|G8 Conference (4): Combating Piracy and the Infringement of Copyright |
G8 Conference (4): Combating Piracy and the Infringement of Copyright
Source: G8 Conference on Cyber-Crime, Paris, May 15-17, 2000. Statement issued by the French Ministry of Culture and Communication on "Combating Piracy and Infringrmrnt of Copyright" related to works on Phonograms, Videograms and performances protected by literary and artistic property (Paris, May 12, 2000).
Copyright infringement has developed spectacularly over the last few years thanks to the conjunction of digital reproduction technology, which allows perfect and infinitely reproducible copies of protected items, and the rapid expansion of digital networks which have encouraged the rapid, discreet and cheap distribution of pirated goods on an international scale.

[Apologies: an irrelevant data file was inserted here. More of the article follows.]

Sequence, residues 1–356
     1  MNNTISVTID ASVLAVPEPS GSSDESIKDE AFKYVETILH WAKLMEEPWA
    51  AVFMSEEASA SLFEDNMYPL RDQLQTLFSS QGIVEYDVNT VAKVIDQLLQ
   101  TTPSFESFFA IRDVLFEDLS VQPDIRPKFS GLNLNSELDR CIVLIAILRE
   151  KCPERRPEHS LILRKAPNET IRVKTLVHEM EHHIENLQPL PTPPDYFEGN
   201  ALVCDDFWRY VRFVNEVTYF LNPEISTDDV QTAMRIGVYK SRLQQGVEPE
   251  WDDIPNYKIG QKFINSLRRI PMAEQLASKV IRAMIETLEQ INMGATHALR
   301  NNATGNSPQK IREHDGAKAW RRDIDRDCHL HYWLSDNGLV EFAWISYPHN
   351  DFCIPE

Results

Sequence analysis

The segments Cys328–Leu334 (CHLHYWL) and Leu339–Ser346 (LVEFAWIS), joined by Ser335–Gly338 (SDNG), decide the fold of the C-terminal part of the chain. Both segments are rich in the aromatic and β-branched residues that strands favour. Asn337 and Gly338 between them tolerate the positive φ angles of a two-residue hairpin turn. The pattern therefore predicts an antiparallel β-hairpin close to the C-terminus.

What is also new is the tremendous ease with which offences can be committed and disseminated throughout the world, together with problems in applying legislation protecting literary and artistic property in view of the ephemeral nature of the content and the international nature of the networks.
France has equipped itself with an effective set of laws and regulations in order to fight the many and varied forms of piracy on the digital networks (I). However, it is impossible to imagine combating piracy without major preventive action and better cooperation between all those involved, both at national and international level (II).